Last, getting a loan may have a negative impact on your personal credit score. Many entrepreneurs believe that a business loan cannot impact them personally, but this is not the case. Some loans require a personal guarantee during the approval process of a business loan, and if you miss payments or your company goes under, that personal guarantee means that if the loan is not repaid according to the terms, you may be personally responsible. Even an established business is not exempt from this, although if you’ve built up a business credit history, you may not be asked to provide a guarantee.
The term bootstrapping refers to getting your business going without any outside financial help. When someone has bootstrapped their own small business, it means that they have gotten off the ground using their personal savings. When people talk about bootstrapping, they often only think of startups. But bootstrapping can also be used to describe entrepreneurs who are using their own personal funds to keep their established businesses going. Starting a business or keeping a business afloat without any outside investors is sustainable long-term for some businesses, while some are only able to rely on their own funds short-term. Interestingly, Coca-Cola, Apple, and Microsoft all began with bootstrapping founders.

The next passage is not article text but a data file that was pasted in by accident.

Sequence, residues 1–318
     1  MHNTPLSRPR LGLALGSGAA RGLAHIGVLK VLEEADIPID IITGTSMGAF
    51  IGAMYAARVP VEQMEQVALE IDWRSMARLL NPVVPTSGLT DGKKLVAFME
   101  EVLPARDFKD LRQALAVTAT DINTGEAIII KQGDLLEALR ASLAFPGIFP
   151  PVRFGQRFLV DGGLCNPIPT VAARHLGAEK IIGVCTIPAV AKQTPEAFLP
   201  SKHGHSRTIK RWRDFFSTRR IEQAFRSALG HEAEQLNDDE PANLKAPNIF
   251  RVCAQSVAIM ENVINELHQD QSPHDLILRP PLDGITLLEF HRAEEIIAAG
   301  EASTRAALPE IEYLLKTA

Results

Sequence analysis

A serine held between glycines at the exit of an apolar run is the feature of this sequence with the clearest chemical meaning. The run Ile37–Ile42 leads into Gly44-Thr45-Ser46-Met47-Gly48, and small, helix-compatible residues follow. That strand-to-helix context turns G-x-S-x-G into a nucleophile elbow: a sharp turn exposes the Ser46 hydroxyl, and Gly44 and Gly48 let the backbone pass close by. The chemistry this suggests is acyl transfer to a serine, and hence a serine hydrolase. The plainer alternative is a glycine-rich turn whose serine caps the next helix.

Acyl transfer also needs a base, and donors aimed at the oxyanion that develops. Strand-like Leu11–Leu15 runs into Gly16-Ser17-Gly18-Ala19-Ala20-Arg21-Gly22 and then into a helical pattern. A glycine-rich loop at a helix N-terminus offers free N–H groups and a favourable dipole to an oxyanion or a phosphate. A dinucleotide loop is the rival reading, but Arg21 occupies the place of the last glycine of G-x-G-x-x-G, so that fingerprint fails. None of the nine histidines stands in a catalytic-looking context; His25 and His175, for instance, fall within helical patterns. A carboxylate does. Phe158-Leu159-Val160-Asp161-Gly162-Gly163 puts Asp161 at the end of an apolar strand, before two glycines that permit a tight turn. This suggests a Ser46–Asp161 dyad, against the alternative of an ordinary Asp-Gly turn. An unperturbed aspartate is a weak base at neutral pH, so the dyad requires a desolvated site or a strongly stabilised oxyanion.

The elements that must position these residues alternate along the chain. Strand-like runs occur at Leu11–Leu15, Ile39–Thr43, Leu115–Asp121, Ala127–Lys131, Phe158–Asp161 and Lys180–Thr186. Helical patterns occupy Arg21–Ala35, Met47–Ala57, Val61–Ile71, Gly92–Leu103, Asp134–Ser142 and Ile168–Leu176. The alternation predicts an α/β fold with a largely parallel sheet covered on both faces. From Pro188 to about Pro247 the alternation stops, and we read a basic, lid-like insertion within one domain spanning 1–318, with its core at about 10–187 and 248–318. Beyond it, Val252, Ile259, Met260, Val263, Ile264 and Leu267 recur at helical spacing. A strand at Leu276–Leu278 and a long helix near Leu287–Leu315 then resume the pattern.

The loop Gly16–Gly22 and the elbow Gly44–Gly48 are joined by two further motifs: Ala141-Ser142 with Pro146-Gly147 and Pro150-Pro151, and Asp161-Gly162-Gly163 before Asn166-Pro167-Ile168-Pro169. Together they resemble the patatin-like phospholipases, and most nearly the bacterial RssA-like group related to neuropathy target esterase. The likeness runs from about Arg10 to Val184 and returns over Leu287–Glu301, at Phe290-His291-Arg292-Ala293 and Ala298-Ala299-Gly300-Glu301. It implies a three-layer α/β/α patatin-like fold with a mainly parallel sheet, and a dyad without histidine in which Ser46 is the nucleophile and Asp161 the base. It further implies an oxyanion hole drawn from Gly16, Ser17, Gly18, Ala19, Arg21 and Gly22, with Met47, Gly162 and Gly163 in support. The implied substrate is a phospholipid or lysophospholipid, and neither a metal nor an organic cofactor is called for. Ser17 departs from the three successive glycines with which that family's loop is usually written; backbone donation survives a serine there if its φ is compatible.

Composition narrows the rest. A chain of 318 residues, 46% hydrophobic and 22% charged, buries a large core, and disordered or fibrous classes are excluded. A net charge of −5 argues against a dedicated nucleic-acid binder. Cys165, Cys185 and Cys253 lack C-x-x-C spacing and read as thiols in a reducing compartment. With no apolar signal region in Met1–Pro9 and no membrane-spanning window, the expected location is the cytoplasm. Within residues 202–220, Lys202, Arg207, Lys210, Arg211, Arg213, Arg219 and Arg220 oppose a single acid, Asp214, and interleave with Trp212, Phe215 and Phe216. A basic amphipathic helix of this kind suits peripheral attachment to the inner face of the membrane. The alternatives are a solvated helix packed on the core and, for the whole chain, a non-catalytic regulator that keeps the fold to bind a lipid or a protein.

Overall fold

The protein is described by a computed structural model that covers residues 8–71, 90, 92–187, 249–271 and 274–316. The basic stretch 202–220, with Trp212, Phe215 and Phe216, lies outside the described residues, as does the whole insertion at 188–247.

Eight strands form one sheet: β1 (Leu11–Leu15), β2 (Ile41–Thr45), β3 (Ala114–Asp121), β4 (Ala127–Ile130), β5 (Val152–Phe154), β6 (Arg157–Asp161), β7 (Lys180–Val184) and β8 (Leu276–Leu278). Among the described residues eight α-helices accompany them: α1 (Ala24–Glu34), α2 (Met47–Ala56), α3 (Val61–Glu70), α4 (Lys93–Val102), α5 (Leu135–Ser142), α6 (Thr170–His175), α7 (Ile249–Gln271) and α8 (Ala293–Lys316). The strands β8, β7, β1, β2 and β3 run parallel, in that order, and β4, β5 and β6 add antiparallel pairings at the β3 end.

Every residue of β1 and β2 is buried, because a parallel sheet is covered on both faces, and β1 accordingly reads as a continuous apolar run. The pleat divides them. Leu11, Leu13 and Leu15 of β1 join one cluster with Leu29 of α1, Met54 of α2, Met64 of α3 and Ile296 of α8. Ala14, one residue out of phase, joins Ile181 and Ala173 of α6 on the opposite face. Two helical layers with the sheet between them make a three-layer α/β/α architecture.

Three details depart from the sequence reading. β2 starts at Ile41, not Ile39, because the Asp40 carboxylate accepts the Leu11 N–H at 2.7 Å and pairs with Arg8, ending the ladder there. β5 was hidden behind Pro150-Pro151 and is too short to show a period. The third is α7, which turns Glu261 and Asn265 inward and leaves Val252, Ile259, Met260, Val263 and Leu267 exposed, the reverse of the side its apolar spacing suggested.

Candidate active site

Bootstrapping avoids debt. When you use business financing, whether, through business or personal loans, you incur debt. Borrowing money comes at a cost, in the form of interest, which will reduce your net income each month. The payments you make, whether to the principal of the loan or on interest, will also affect your monthly cash flow.
Another benefit to bootstrapping your company, versus using outside investors, is the impact on equity. When you begin a business with your own funding, all equity shares are yours. Having a higher equity share will reflect well on financial statements. Having most of the equity in your company can reduce the likelihood that you may be pressured into selling your business down the line as well. Bootstrapping will also allow you to give stock options to your employees as you choose.